Not too long ago now, John W.S. Marvin over at Dread Unicorn Games released a book called Gods and Icons. It’s a supplement for 13th Age RPG with a myriad of new Icons, class abilities, player races, and to augment it all, player races. Well, Mr. Marvin is back with a vengeance, with the accessory for the setting, the Icons and Conditions cards. Just for full transparency reasons, John was kind enough to send me this copy of the deck specifically for review.
Just to describe what these are: This supplement is a deck of cards, but not just any cards. Some have the Icons from the Gods and Icons book, while others have the standard conditions for 13th Age (hampered, stuck, etc.). They’re made of similar material to regular playing cards and seem sturdy. Additionally, there’s a card in the deck telling you where to find licensing info. When I first opened these, I was a little underwhelmed, but only because I saw the back of the cards (as seen in the featured image). It looks cool, the blue is interspersed with some black with some shades in between. I mean, after all, it’s just the backs of the cards. When I flipped it over, I saw the face of Commander Tyrvek, the Icon that essentially replaces the Orc Lord, sneering at me menacingly. The art from the Gods and Icons book translates really well to this tiny format.
Each card is formatted like a normal playing card, with the figure depicted on them both right side up and upside down. This serves a function though, as Icon relationship points aren’t so black and white as a king of spades. We can have a five or a six relationship rolled with each Icon, and depending on which way the card is facing, you can remind yourself of what you have. I honestly thought this was a brilliantly simple idea that makes them utilitarian but still visually appealing. There is one minor gripe that I harbor towards these cards, and it’s that only two of the Icons on the cards have a backdrop. This is probably due to the original art, but I wish that every Icon had something interesting going on in the background. This easily makes Tyrvek and Aurum Rex my two favorite cards out of the bunch.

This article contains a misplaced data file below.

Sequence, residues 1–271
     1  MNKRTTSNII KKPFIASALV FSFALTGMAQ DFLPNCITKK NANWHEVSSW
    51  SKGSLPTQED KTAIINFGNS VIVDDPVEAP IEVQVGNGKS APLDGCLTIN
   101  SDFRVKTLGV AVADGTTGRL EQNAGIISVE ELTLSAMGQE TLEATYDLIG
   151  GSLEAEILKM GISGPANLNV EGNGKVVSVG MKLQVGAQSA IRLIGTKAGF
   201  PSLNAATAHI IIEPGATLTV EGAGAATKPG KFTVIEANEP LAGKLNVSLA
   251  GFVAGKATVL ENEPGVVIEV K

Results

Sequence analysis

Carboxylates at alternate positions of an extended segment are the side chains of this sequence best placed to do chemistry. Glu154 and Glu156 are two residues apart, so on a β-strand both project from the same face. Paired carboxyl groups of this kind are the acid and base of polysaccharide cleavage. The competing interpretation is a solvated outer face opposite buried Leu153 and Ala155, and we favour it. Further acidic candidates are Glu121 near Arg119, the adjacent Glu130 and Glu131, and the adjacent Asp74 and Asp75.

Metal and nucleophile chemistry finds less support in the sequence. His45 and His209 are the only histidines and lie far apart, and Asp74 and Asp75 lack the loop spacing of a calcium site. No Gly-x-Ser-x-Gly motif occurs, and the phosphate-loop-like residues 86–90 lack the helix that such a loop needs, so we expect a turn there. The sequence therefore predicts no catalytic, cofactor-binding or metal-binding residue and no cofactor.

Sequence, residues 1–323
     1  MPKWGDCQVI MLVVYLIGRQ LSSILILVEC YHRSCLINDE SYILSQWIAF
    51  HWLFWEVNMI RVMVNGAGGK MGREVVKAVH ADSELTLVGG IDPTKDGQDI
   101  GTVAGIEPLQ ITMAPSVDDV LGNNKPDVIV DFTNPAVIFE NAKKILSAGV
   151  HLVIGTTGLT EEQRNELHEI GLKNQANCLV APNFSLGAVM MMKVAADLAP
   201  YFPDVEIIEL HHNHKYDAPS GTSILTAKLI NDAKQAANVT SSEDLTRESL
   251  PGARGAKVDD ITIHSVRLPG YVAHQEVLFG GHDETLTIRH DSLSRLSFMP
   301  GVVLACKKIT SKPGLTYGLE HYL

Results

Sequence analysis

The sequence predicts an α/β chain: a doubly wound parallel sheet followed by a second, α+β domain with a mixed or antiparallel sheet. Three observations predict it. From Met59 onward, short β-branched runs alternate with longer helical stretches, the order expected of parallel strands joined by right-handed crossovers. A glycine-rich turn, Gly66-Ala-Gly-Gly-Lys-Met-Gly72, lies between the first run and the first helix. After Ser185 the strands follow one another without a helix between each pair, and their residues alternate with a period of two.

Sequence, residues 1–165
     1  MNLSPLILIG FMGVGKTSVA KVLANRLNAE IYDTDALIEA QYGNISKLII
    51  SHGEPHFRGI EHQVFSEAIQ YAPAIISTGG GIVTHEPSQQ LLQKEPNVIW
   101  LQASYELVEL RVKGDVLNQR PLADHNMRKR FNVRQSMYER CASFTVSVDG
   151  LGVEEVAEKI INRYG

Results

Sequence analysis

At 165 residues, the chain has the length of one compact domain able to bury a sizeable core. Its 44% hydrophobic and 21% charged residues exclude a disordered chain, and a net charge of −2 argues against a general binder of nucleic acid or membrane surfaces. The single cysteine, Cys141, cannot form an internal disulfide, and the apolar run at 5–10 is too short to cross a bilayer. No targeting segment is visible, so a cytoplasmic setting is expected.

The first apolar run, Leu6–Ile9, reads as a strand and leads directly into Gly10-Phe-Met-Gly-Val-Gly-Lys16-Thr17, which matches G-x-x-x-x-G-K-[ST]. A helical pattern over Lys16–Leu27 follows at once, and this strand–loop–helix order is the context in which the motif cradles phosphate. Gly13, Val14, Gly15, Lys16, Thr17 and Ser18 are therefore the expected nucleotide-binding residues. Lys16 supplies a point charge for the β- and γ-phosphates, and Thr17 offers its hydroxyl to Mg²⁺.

In the realm of practicality, these cards simply make sense. There’s two copies of each Icon card included in the deck, which is reasonably priced at about $14 US for the entire shabang. While this may immediately seem to fall a little short, it’s sensible in the light that you don’t have overlapping Icons between players too often. The only time I could see this happening is when my players decide to collaboratively create a party, which is honestly never. If that day does come, however, I can just pick up another deck. There’s a reason why I’m so quick to jump to that conclusion, and it has to do with conditions.
The conditions cards are a tad boring to look at, but they serve their function one hundred percent. The layout of the information makes finding the condition you’re looking for to hand to the victim player easy. Being one to quickly overlook things, it’s convenient that the title of the condition is in big letters to see while hastily shuffling through the deck. I keep track of conditions using the little rings from plastic bottles to place on miniatures, which is great, but I often have to remind players of what the conditions do. This makes these cards invaluable, as I can take the heat of running the game off of myself a little by handing the affected player one of these bad boys.
If you’re a sadistic GM like me, and enjoy stacking up the conditions on players, the number of which may be problematic. There’s three copies of each condition included in the deck. In my group, I have six players. If each of those players end up getting the same condition, two players will have to share a card. Much like the situation with the Icons cards though, I feel like most groups don’t have the same condition going out over the whole party. My group is a little special in that regard (no offense, guys), so this could very well be a rare problem for people. In the first play-through I had using these cards, it never came up; so this problem is strictly hypothetical as of right now. Watch my Twitter account to see if it ever comes up.
All in all, the condition cards alone pretty much make this worth picking up. It saves you an insane amount of table keeping by thrusting some of your job into the hands of your players. Hopefully when my campaign wraps up, I can explore the loose yet deep setting presented in Gods and Icons to take those cards for a spin.
Stay Metal \m/